Ending the Addiction to Please
I can’t help it. The new year rolls around and I already have a list a mile long about all the ways I want to do better, be better, work better and be a better friend.
On top of that, in the aftermath of a soul-shredding election season, we are told this is our year to rise up. To show up. To be the change, because every human right, every civil right, and every acre of wilderness, we’ve fought for is at risk.
I believe now is our time to really show up in the world. And it will require our entire capacity—nothing half-hearted. We have too much to lose. But recently I noticed a deep exhaustion creeping into the edges of my resolve—and it’s only mid January.
When I traced the exhaustion back to its source, I discovered that a habit to please still pervades many of my good intentions. Yep, I’ll just come right out and say it: I’m a pleaser. It stings a little to confess. But it’s time the pleaser in me saw the light of day, because pleasers cannot be warriors.
The ‘Disease to Please’, as author Dr. Harriet Braiker coined in 2002, sounds like a kitten amongst the other pathologies. But make no mistake, underneath that fluffy exterior is a saber-toothed tiger that shreds relationships, and leaves behind veritable battlefields of collateral damage.
And if this is the year to rise up and show up, then my habit to please cannot come along. Not even a tiny bit. Pleasing creates an oxymoron of just about every virtue. It cancels out courage. It eradicates authenticity. It neutralizes strength.
After three whole decades of wrestling with my habit to ‘please first, and ask questions later’ (I’m a slow, yet thorough, learner), what I finally saw was not the ‘nice’ part of the pleaser facade, but a woman terrified of conflict. Now that was something I could sink my teeth into!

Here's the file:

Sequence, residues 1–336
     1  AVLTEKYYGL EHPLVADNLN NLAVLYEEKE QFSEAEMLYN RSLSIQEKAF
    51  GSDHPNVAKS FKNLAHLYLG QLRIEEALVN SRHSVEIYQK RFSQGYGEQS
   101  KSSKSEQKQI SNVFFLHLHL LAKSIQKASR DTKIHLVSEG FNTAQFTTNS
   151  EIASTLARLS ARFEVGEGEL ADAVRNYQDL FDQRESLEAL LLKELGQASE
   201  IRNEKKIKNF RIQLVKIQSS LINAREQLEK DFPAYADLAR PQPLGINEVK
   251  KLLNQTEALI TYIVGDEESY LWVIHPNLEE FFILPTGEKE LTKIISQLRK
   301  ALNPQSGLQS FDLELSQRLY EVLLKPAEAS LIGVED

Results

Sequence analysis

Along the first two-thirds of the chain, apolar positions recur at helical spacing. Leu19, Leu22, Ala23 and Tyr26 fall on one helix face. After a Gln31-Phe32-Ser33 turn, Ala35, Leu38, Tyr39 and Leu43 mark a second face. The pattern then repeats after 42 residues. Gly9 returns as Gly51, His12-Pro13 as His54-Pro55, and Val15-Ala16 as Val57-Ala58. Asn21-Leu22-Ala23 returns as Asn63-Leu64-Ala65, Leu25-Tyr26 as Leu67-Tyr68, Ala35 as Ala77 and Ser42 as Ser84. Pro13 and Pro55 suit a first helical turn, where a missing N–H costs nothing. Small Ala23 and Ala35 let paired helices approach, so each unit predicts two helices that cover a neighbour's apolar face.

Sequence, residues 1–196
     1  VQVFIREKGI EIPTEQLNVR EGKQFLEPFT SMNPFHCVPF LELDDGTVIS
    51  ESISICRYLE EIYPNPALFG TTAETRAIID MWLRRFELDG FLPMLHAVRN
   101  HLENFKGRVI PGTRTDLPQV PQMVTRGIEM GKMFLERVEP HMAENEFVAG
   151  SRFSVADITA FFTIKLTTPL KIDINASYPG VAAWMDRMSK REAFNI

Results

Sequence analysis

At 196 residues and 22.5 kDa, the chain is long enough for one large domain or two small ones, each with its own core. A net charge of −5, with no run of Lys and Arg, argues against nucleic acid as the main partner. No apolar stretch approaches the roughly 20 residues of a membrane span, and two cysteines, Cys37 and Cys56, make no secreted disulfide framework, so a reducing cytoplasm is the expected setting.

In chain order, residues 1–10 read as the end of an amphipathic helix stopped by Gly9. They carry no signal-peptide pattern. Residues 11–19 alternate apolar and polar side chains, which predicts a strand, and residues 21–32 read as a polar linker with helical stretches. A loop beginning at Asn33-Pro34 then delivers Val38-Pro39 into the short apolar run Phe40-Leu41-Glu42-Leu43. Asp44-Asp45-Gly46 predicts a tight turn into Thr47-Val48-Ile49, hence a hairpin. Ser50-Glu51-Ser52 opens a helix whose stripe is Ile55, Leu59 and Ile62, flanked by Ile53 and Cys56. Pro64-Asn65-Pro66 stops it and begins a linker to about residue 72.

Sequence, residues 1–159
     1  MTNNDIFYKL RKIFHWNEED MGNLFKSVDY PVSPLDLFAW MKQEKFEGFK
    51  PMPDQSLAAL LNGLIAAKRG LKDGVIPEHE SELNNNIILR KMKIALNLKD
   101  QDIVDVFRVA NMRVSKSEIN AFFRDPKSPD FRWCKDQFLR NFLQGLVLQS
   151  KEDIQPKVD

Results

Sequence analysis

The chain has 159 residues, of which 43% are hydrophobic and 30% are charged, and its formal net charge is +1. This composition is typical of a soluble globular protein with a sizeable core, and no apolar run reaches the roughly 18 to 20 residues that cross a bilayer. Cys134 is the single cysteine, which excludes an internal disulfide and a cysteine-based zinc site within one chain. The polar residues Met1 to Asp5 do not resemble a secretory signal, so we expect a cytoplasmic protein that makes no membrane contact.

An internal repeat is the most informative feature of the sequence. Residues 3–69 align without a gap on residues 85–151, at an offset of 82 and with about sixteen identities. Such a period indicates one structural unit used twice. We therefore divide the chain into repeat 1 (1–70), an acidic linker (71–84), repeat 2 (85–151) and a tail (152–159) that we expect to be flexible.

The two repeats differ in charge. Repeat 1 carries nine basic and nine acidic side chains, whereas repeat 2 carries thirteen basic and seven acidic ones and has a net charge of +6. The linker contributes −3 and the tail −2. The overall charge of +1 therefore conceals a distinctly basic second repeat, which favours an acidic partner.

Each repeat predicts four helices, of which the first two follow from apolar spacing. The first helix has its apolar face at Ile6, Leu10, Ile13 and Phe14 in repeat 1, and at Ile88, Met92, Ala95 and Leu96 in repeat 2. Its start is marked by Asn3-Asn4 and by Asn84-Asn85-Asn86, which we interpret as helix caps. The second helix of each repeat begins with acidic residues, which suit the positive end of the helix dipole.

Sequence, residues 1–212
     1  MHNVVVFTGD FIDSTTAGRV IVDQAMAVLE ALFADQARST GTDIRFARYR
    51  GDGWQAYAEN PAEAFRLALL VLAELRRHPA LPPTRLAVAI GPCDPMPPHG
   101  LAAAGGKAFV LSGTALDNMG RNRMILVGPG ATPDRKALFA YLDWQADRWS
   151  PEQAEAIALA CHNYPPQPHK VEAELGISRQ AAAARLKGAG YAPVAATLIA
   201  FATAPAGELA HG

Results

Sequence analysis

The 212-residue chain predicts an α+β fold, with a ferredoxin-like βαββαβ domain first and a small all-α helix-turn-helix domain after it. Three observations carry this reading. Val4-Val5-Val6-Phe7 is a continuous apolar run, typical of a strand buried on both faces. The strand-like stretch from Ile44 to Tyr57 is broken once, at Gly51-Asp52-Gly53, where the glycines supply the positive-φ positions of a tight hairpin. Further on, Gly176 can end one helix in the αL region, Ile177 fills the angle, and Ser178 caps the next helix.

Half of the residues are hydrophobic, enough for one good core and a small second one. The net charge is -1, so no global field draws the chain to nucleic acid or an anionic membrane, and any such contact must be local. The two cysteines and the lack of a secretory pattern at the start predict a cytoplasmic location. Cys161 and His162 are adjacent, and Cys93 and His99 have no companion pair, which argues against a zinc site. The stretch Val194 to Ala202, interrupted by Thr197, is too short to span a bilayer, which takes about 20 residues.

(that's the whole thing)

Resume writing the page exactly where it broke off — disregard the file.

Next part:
So instead of wrestling with the pleasing part of me, like I’ve done for so many years (with stellar lack of success) I’m confronting my fear of conflict. Specifically, I’m confronting my fear of all those uncomfortable sensations associated with conflict—anxiety, worry, hurt, fear and betrayal. I’m confronting my fear of anger, of being a disappointment, and of accusations. I’m facing my terror of being abandoned or cast aside. I’m walking straight into my fear of being judged as lazy or selfish.
And guess what, pleasing everyone never prevented any of that stuff anyway.
So my resolutions are taking on a whole new flavor this year. Instead of all the ways I can be ‘better’, I’m going to take an altogether different approach. I’m going to risk the unthinkable: I’m going to be ok with disappointing someone.
With luck, I’ll disappoint a lot of people.
These times are calling for the end of pleasing. Instead, we need to challenge. We need to confront. We need to call out the difficult dynamic. We need to risk unrest and opposition. We need to send back the proverbial cold pasta.
As people pleasers, we run around doing things that on the surface seem compassionate or caring, even noble. Upon reflection, I’ve seen that some of my softer attributes were actually just cowardice cloaked in spiritual clothing.
If you find that you do a lot of the following, perhaps your pleaser factor requires attention: understanding, compromising, letting go, not attaching, ameliorating, subjugating, apologizing, tending, being flexible, bending, attending, appeasing, charming, entertaining, placating, pacifying, rescuing, fixing, complying, and obliging.